Everything Counts: 52 Remarkable Ways to Inspire Excellence and Drive ResultsHere is book #11 of 25: Everything Counts: 52 Remarkable Ways to Inspire Excellence and Drive Results, by Gary Ryan Blair.

    Update: Sept. 13, 2010. Here's a brief synopsis of and three takeaways I got from reading Everything Counts ...

    Synopsis: Success in life is a sum of details mastered. Nothing is too small to have an impact. Every thought you have, every morsel of food that goes in your mouth, every action -- everything -- counts.

    Details are important. One stray line of code can wreck an entire computer program. One wrong injection can kill a patient. One harsh comment can ruin a business partnership.

    To experience the greatest success, we must do the little things correctly so they add up to an excellent result.

    The ideas in this excellent book are divided into three areas: professional strategies, personal strategies, and universal concepts.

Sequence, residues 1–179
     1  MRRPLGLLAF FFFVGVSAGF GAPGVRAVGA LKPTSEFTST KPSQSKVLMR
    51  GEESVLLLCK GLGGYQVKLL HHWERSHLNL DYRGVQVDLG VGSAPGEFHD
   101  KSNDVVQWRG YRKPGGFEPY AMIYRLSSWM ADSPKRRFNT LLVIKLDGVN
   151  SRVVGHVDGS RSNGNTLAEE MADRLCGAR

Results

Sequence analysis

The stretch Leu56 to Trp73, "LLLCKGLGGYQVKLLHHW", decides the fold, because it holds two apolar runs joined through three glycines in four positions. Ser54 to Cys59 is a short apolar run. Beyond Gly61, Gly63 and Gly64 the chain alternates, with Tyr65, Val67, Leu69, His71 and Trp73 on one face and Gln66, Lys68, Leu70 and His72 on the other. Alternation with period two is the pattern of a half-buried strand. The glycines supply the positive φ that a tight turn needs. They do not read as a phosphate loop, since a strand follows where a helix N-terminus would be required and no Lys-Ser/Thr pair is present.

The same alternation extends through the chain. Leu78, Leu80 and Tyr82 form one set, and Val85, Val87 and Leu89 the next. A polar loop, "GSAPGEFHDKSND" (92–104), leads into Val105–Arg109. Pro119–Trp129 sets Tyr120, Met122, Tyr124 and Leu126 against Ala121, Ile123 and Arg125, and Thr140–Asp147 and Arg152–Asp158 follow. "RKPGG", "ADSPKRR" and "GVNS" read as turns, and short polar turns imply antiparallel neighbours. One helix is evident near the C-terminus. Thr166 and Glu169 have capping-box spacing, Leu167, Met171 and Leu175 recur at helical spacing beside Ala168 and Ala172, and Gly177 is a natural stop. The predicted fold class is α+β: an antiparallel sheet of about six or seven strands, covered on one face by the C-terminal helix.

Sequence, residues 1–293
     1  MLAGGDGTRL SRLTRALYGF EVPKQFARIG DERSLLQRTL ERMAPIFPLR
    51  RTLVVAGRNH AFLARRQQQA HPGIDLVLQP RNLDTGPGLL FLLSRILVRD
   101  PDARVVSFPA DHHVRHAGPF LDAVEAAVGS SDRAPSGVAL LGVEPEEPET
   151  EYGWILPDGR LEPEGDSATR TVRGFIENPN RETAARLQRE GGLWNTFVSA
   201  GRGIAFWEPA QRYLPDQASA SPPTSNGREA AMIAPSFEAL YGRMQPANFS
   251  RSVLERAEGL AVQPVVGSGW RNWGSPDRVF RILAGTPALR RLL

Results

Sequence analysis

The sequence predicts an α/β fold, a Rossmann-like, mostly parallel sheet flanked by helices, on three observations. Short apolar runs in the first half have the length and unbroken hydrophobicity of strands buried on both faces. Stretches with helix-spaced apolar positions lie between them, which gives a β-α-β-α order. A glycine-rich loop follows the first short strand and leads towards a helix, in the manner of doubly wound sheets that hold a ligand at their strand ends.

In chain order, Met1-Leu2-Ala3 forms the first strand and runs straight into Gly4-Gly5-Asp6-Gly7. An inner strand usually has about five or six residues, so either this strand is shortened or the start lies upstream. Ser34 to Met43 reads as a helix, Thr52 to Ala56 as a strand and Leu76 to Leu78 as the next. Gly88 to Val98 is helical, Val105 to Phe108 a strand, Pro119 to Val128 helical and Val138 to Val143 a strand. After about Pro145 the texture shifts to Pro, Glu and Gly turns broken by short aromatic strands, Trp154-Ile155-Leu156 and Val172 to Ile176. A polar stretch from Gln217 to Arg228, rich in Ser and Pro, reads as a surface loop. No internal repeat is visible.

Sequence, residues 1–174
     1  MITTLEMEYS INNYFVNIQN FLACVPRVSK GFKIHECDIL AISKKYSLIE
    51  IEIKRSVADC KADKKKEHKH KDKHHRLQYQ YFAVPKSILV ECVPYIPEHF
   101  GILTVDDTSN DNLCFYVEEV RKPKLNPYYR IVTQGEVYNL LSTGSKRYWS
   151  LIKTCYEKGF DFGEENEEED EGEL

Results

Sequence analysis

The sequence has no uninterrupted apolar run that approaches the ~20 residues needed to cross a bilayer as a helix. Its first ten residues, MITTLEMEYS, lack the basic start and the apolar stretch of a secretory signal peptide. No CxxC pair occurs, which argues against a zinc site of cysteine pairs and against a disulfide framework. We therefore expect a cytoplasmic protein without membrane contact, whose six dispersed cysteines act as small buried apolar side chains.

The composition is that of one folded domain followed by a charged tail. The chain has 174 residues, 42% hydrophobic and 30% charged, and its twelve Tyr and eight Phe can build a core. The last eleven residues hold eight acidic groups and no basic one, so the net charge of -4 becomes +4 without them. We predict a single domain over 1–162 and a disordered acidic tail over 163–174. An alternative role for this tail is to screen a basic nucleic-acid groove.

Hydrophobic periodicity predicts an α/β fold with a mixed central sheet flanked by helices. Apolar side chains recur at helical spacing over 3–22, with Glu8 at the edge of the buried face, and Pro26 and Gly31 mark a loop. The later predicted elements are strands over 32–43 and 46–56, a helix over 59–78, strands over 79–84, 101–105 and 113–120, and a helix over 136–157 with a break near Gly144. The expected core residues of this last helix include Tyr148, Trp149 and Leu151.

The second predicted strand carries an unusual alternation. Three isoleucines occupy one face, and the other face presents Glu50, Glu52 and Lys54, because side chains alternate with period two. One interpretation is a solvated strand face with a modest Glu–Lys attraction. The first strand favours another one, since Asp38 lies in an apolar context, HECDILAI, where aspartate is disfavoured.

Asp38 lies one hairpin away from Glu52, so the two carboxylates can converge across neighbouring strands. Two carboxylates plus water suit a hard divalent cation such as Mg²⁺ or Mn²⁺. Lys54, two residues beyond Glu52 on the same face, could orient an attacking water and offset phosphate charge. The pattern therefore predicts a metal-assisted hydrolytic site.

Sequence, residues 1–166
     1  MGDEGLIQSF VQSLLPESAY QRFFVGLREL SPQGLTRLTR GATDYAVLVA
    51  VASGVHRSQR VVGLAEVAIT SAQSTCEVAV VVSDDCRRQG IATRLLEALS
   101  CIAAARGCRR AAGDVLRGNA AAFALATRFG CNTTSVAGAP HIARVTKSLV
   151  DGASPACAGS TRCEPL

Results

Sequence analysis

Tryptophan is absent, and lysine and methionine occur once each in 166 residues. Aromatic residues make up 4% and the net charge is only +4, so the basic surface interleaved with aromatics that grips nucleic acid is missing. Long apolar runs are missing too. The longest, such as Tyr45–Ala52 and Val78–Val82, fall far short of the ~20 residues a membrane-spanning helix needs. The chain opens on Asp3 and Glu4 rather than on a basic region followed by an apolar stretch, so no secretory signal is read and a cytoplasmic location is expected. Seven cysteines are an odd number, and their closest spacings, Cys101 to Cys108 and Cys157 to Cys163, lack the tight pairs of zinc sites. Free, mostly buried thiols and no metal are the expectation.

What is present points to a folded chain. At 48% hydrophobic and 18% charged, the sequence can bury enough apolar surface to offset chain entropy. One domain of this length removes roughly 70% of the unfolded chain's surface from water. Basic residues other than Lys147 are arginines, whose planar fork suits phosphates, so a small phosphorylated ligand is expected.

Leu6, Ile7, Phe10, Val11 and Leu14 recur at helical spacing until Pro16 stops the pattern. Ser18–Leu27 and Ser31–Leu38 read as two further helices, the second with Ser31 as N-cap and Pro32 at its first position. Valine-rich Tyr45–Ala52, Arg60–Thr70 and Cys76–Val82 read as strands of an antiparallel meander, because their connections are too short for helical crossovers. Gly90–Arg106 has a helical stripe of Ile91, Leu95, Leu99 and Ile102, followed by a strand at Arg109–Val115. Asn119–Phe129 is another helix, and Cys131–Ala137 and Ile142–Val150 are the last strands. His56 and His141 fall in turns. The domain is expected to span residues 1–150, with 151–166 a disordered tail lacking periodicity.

Now, here are your three takeaways:

    1) Planning counts

    A carefully drawn plan, executed correctly, is your ticket to success. Corollary: Your life cannot go according to plan if you have no plan.

    The majority of people and businesses are unprepared and unable to achieve success, because they have not planned. Those who fail to plan are doomed to repeat yesterday's sub-par performances today. Why put yourself through it? Why not create history rather than repeat it?

    Of course, your plan will change almost as soon as you implement it, but that's okay. It's the homework, research, and visualization you do while writing your plan tonight that prepares you to succeed tomorrow.

    2) Vision counts

    "You will never be greater than the vision that guides you," writes Blair. Vision is the ability to see what others don't (or won't). It spurs people and organization to achieve the improbable -- even the impossible. The clearer and more compelling the vision, the more power and confidence it generates.

    By contrast, a lack of vision saps the will and dampens achievement. Think of the last paper-pushing bureaucrat you encountered -- think they could recite their organization's vision statement?

    A powerful vision is fueled by a compelling cause -- the stronger your reasons why are, the stronger you are.
    Every great achievement in human history has been spurred on by somebody's vision.